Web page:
Batch file to delete files older than N days


I am looking for a way to delete all files older than 7 days in a batch file. I've searched around the web, and found some examples with hundreds of lines of code, and others that required installing extra command line utilities to accomplish the task.

Similar things can be done in BASH in just a couple lines of code. It seems that something at least remotely easy could be done for batch files in Windows. I'm looking for a solution that works in a standard Windows command prompt, without any extra utilities. Please no PowerShell or Cygwin either.

3/16/2018 3:40:58 PM

Accepted Answer


forfiles -p "C:\what\ever" -s -m *.* -d <number of days> -c "cmd /c del @path"

See forfiles documentation for more details.

For more goodies, refer to An A-Z Index of the Windows XP command line.

If you don't have forfiles installed on your machine, copy it from any Windows Server 2003 to your Windows XP machine at %WinDir%\system32\. This is possible since the EXE is fully compatible between Windows Server 2003 and Windows XP.

Later versions of Windows and Windows Server have it installed by default.

For Windows 7 and newer (including Windows 10):

The syntax has changed a little. Therefore the updated command is:

forfiles /p "C:\what\ever" /s /m *.* /D -<number of days> /C "cmd /c del @path"
8/1/2019 7:04:02 PM

Run the following commands:

ROBOCOPY C:\source C:\destination /mov /minage:7
del C:\destination /q

Move all the files (using /mov, which moves files and then deletes them as opposed to /move which moves whole filetrees which are then deleted) via robocopy to another location, and then execute a delete command on that path and you're all good.

Also if you have a directory with lots of data in it you can use /mir switch


Ok was bored a bit and came up with this, which contains my version of a poor man's Linux epoch replacement limited for daily usage (no time retention):


@echo off
set day=86400
set /a year=day*365
set /a strip=day*7
set dSource=C:\temp

call :epoch %date%
set /a slice=epoch-strip

for /f "delims=" %%f in ('dir /a-d-h-s /b /s %dSource%') do (
    call :epoch %%~tf
    if !epoch! LEQ %slice% (echo DELETE %%f ^(%%~tf^)) ELSE echo keep %%f ^(%%~tf^)
exit /b 0

rem Args[1]: Year-Month-Day
    for /f "tokens=1,2,3 delims=-" %%d in ('echo %1') do set Years=%%d& set Months=%%e& set Days=%%f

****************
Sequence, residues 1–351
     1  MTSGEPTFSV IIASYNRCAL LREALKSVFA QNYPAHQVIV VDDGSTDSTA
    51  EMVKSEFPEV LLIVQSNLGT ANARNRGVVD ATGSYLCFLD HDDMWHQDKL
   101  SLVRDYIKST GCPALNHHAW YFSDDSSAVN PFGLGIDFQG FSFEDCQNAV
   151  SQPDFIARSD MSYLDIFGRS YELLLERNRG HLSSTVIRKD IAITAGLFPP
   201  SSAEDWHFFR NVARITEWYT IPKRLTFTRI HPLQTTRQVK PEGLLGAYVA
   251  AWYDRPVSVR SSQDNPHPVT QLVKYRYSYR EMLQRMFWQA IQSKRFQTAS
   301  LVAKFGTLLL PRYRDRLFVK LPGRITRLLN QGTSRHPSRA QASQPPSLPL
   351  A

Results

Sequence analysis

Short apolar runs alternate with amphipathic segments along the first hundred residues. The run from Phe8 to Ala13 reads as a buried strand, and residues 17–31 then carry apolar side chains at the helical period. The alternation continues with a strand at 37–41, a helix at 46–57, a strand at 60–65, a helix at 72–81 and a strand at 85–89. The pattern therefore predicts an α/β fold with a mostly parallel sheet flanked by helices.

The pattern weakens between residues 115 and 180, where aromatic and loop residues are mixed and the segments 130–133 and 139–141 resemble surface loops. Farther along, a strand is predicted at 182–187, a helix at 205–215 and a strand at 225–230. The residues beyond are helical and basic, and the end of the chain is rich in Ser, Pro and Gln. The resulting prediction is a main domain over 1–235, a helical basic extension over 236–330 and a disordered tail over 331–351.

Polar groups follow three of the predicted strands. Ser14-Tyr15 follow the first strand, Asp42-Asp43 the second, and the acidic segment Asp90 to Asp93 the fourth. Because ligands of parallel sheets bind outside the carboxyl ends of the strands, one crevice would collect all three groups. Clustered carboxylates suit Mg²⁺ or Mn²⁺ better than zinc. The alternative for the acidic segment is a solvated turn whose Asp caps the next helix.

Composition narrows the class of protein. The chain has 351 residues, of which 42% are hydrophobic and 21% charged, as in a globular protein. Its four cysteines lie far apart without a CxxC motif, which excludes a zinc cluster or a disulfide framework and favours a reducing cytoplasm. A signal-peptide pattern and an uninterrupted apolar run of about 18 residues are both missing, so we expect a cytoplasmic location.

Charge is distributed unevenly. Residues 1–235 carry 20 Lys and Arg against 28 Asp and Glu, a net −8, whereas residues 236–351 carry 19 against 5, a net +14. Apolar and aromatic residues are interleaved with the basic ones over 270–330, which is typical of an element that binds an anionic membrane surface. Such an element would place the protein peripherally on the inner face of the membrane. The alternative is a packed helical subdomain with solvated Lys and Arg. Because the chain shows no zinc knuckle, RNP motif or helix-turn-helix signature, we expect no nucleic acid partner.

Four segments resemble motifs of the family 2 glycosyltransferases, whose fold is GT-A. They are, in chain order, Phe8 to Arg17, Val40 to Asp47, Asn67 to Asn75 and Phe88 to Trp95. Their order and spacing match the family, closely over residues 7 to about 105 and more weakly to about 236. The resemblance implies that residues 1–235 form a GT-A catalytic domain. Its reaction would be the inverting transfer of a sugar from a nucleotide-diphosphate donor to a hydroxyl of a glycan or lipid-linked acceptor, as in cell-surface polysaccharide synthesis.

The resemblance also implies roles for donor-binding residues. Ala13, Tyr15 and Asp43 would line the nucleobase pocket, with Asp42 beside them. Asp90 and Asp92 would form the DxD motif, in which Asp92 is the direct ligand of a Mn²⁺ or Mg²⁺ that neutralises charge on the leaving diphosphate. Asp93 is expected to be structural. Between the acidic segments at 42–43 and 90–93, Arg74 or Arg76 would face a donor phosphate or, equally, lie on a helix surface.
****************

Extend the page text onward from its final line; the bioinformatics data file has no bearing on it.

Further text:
if "!Months:~0,1!"=="0" set Months=!Months:~1,1!
    if "!Days:~0,1!"=="0" set Days=!Days:~1,1!
    set /a Days=Days*day
    set /a _months=0
    set i=1&& for %%m in (31 28 31 30 31 30 31 31 30 31 30 31) do if !i! LSS !Months! (set /a _months=!_months! + %%m*day&& set /a i+=1)
    set /a Months=!_months!
    set /a Years=(Years-1970)*year
    set /a Epoch=Years+Months+Days
    endlocal& set Epoch=%Epoch%
    exit /b 0


set /a strip=day*7 : Change 7 for the number of days to keep.

set dSource=C:\temp : This is the starting directory to check for files.


This is non-destructive code, it will display what would have happened.

Change :

if !epoch! LEQ %slice% (echo DELETE %%f ^(%%~tf^)) ELSE echo keep %%f ^(%%~tf^)

to something like :

if !epoch! LEQ %slice% del /f %%f

so files actually get deleted

February: is hard-coded to 28 days. Bissextile years is a hell to add, really. if someone has an idea that would not add 10 lines of code, go ahead and post so I add it to my code.

epoch: I did not take time into consideration, as the need is to delete files older than a certain date, taking hours/minutes would have deleted files from a day that was meant for keeping.


epoch takes for granted your short date format is YYYY-MM-DD. It would need to be adapted for other settings or a run-time evaluation (read sShortTime, user-bound configuration, configure proper field order in a filter and use the filter to extract the correct data from the argument).

Did I mention I hate this editor's auto-formating? it removes the blank lines and the copy-paste is a hell.

I hope this helps.


forfiles /p "v:" /s /m *.* /d -3 /c "cmd /c del @path"

You should do /d -3 (3 days earlier) This works fine for me. So all the complicated batches could be in the trash bin. Also forfiles don't support UNC paths, so make a network connection to a specific drive.


Have a look at my answer to a similar question:

REM del_old.bat
REM usage: del_old MM-DD-YYY
for /f "tokens=*" %%a IN ('xcopy *.* /d:%1 /L /I null') do if exist %%~nxa echo %%~nxa >> FILES_TO_KEEP.TXT
for /f "tokens=*" %%a IN ('xcopy *.* /L /I /EXCLUDE:FILES_TO_KEEP.TXT null') do if exist "%%~nxa" del "%%~nxa"

This deletes files older than a given date. I'm sure it can be modified to go back seven days from the current date.

update: I notice that HerbCSO has improved on the above script. I recommend using his version instead.


My command is

forfiles -p "d:\logs" -s -m*.log -d-15 -c"cmd /c del @PATH\@FILE" 

@PATH - is just path in my case, so I had to use @PATH\@FILE

also forfiles /? not working for me too, but forfiles (without "?") worked fine.

And the only question I have: how to add multiple mask (for example ".log|.bak")?

All this regarding forfiles.exe that I downloaded here (on win XP)

But if you are using Windows server forfiles.exe should be already there and it is differs from ftp version. That is why I should modify command.

For Windows Server 2003 I'm using this command:

forfiles -p "d:\Backup" -s -m *.log -d -15 -c "cmd /c del @PATH"